Ill health had plagued me, just one thing after another all of which led to a loss of career, role and identity. Employment opportunities where we lived weren’t great and my husband had gone through several career transitions, studying for a post-grad during it all in a gallant effort to improve things. The financial commitments we started off with when we first met only worsened due to these factors, and our situation became critical. Everything imploded.

The toll all of this took on my husband was visible. A dedicated, loving, hilariously funny man, he was struggling under the weight of it all.

Everything has a knock-on effect.

So despite going home to find a place I thought I belonged and would feel at ease in, the reality didn’t match with my dreams. I know life is not plain sailing, but sometimes it just seemed RIDICULOUS!

Somehow, thankfully, our son seemed to be doing ok. But there was a sense we were existing, not living, and we knew it could be so much better if only we could change a few basic things – more space in which to live (we were cramped in our tiny home); more family time; increased income to provide for greater security, freedom and choice in the long-term; then maybe – dare I hope for it? – improved health; more opportunities…oh yes, and sunshine!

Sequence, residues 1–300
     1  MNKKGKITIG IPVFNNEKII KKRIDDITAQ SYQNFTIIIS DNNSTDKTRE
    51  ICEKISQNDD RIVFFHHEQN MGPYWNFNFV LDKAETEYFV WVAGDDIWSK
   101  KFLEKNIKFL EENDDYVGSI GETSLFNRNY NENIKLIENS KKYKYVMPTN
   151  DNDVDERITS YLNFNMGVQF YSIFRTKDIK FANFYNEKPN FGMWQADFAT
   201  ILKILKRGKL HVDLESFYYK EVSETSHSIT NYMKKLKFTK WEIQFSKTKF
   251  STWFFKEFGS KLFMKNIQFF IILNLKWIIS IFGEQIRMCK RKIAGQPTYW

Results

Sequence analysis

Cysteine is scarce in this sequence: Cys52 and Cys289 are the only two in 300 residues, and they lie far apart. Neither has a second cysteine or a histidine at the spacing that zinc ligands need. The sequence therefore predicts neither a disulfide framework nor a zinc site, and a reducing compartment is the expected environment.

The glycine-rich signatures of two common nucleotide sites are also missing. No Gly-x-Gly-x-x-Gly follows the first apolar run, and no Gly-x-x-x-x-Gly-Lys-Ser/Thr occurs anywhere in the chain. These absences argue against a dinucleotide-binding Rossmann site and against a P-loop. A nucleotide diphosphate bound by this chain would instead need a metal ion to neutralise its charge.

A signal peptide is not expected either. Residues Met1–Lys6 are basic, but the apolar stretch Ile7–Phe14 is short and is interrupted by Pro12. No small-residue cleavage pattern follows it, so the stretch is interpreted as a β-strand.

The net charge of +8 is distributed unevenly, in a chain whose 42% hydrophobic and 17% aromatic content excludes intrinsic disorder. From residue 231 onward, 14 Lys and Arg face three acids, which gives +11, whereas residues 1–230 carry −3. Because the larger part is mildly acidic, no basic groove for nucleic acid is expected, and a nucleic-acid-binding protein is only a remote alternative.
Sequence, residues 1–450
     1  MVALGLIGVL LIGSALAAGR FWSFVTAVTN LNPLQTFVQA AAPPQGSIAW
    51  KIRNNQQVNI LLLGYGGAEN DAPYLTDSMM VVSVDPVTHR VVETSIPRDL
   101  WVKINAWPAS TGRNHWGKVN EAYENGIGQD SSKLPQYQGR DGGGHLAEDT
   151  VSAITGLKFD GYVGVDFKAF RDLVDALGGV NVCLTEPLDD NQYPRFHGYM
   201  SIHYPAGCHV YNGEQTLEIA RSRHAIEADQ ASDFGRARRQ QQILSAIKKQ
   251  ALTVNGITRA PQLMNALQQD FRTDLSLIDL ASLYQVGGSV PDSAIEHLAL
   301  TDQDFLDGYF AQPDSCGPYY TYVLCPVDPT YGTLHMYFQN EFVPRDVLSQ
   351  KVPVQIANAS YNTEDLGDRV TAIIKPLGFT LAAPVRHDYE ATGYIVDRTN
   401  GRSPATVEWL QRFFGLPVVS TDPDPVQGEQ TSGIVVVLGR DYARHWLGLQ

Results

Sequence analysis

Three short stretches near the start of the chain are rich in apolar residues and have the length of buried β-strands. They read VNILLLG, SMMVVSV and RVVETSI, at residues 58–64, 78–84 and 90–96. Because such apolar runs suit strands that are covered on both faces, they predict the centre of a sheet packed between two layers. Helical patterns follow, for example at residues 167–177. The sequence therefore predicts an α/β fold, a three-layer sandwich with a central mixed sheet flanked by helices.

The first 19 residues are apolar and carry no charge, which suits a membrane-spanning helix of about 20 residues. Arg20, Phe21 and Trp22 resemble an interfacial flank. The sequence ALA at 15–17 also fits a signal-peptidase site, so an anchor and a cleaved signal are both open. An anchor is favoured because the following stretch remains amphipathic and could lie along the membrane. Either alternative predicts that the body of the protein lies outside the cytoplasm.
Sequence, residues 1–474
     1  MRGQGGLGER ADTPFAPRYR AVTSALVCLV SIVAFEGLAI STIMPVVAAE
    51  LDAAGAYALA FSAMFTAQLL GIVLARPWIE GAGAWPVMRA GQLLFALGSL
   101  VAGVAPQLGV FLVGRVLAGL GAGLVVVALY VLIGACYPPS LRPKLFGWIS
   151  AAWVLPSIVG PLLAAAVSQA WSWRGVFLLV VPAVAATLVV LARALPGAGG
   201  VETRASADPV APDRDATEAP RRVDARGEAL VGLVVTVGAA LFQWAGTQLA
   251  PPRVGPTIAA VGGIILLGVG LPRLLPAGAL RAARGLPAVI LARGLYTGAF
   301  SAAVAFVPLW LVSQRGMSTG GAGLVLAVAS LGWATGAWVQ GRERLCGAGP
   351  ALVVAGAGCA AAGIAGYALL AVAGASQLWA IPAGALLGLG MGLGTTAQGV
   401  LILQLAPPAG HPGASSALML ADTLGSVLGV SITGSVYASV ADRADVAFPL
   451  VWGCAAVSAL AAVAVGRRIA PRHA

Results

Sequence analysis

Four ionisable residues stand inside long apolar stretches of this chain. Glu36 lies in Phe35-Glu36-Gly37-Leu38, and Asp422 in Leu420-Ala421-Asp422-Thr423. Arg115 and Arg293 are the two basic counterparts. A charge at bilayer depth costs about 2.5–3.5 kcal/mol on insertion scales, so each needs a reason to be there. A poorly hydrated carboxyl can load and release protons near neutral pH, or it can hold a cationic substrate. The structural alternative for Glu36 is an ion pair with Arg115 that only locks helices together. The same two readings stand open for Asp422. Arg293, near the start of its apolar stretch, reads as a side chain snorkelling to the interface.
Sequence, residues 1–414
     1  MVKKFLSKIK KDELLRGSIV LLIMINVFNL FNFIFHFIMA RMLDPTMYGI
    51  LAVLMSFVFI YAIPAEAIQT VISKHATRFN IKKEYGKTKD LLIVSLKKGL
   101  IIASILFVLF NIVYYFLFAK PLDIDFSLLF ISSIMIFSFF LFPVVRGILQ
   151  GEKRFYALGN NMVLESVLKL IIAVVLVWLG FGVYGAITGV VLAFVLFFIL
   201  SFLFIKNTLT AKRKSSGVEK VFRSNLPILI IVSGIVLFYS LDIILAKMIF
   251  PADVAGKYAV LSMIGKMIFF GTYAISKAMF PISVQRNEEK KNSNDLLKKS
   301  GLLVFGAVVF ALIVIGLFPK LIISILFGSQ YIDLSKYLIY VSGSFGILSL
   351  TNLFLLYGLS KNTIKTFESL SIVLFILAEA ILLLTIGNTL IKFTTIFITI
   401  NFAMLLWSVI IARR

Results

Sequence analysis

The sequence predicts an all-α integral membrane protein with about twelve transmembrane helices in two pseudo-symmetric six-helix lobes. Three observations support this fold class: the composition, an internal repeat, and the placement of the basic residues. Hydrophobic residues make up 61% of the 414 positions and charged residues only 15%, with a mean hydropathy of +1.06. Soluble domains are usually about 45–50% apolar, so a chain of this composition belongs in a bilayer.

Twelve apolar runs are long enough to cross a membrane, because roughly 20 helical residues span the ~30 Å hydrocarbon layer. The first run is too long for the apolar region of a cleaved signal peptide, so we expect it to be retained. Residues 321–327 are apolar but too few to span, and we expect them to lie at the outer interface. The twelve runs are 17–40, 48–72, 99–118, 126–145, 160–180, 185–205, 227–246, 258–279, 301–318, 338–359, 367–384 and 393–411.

It had been like the cogs hadn’t been turning, the stars hadn’t been aligned, the energy wasn’t right…whatever it was, something was saying ‘DO SOMETHING DIFFERENT!’

We all know the definition of madness is doing the same thing over and over again with the same results. I don’t know if this is true, but it made me laugh thinking of our past situation!

Not that we hadn’t tried, it just seemed like the results were always the same! It sure felt like going mad sometimes! So when the opportunity to emigrate arrived it was the right opportunity at just the right time.

After thinking it over, my husband and I independently came to the same conclusion: that we REALLY wanted to give it a go! Growing old and wondering how our life would’ve been had we given it a shot was not an option.

It was hard at first to tell loved ones, who’d been there for us throughout it all. I felt bad about leaving. I mean, what kind of thanks was that? I was also honestly scared of coping without the love, support and friendship close by. Then there were the niggling doubts: Was it quitting? Giving up? Running away?